Dancing Wheels: Busy year-round, Cleveland's unique company of dancers with and without disabilities next hits the public stage Oct. 15 with a noontime performance at Trinity Cathedral. The year also ends on a high note, with the world premiere of "Babes in Toyland" at the Breen Center for the Performing Arts (Dec. 4-6). Information at dancingwheels.org, 216-432-0306.
GroundWorks Dance Theater: Another enterprising year under David Shimotakahara commences Oct. 24 and 25 with performances in partnership with Cleveland State University at Playhouse Square. On the program: works by Ronen Koresh, Gina Gibney and Johannes Wieland. The fall season also includes a creative residency with choreographer Robert Moses. Information at groundworksdance.org, 216-751-0088.
Inlet Dance Theatre: Bill Wade's welcoming group of new and experienced dancers kicks into high gear Jan. 18 with a concert at the Church of the Saviour in Cleveland Heights. The company also will be featured at DanceWorks 2015 at Cleveland Public Theatre April 23-25 and present another free program next July at Cain Park. Information at inletdance.org.
MorrisonDance: Invigorated by a grant from the Rauschenberg Foundation, Sarah Morrison's modern-dance troupe concludes a monthlong series titled "The City is Our Playground" with a presentation of improvised choreography Sept. 21 at the Tremont Arts and Cultural Festival. Information at morrisondance.com, 216-281-9558.
Ohio Dance Theatre: Oberlin and Cleveland remain the two places to catch this vibrant professional company led by choreographer Denise Gula. Start out with "Ballet Uncorked" Oct. 24, Feb. 6 and April 24 in Oberlin, and continue with an appearance on DanceWorks 2015 April 9-11 at Cleveland Public Theatre. Information at ohiodancetheatre.org, 440-774-6077.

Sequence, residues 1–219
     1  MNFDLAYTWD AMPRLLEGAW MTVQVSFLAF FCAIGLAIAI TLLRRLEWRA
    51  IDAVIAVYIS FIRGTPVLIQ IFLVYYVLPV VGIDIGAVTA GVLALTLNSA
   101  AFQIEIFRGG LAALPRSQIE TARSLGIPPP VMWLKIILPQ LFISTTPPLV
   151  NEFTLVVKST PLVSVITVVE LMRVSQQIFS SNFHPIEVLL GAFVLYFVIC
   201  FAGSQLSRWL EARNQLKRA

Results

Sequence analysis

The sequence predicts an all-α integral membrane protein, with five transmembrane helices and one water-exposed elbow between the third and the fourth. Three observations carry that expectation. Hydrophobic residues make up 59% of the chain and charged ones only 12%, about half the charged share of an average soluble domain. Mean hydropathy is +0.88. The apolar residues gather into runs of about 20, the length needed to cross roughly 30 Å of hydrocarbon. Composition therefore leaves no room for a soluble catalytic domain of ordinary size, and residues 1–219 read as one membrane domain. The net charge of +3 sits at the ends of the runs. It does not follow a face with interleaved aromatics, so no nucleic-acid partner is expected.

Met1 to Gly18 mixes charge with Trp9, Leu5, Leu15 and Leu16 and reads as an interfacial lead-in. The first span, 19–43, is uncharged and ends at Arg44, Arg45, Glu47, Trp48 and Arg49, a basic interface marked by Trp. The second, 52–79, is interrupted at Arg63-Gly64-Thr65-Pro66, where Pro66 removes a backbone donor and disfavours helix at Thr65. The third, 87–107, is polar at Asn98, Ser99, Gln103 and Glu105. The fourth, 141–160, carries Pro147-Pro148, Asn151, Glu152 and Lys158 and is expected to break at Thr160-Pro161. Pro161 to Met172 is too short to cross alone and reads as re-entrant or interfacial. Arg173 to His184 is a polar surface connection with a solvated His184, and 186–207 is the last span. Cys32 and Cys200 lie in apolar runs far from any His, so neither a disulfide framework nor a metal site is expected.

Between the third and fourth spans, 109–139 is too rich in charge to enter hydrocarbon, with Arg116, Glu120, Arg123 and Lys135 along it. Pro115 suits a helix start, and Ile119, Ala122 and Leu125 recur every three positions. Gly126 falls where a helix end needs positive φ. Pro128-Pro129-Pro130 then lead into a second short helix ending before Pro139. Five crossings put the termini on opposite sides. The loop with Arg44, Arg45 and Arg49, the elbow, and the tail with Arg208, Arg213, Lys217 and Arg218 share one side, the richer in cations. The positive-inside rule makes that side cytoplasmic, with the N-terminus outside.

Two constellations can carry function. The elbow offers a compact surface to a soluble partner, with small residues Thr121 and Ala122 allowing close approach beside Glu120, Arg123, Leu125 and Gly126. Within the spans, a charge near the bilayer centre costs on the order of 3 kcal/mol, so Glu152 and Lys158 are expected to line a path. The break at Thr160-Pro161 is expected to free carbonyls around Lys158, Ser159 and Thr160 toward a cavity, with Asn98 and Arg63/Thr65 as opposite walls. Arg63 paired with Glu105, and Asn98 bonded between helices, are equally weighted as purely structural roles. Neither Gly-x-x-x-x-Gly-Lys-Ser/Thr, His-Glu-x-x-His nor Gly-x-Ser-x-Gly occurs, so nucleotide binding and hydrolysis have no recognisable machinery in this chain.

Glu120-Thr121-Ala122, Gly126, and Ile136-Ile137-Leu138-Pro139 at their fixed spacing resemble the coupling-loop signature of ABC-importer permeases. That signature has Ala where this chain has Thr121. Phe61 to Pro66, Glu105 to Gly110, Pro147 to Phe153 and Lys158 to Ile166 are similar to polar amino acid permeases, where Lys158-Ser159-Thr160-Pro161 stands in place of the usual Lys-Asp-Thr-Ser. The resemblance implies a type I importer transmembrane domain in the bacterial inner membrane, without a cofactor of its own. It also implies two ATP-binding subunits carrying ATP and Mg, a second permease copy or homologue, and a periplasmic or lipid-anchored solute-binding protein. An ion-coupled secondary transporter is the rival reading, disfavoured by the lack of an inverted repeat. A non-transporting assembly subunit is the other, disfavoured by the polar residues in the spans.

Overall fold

Playhouse Square: The national tour of "So You Think You Can Dance" launches the dance season Oct. 20. After that comes "The Ashley Bouder Project," a presentation by Ballet in Cleveland (Oct. 25); the Joffrey Ballet's "The Nutcracker" with the Cleveland Orchestra (Nov. 26-30); "Stomp" (Jan. 16-18); Shen Yun (Feb. 10 and 11); the Cleveland State University Spring Dance Concert (March 26-28); and "Three Acts, Two Dancers, One Radio Host" (May 2). Information at playhousesquare.org, 216-241-6000.
Verb Ballets: A high point in Verb's 2014-15 season comes up Feb. 20 and 21, when the contemporary dance company honors Martha Graham by hosting three variations on the choreographer's "Lamentation," on the occasion of the iconic work's 85th birthday. Also this season: The company appears on the International Association of Blacks in Dance Showcase in Cleveland Jan. 23-35; at Christ Episcopal Church in Shaker Heights (Jan. 30); and on DanceWorks 2015 at Cleveland Public Theatre (April 16-18). Information at verbabllets.org, 216-397-3757.
Zachary Lewis, The Plain Dealer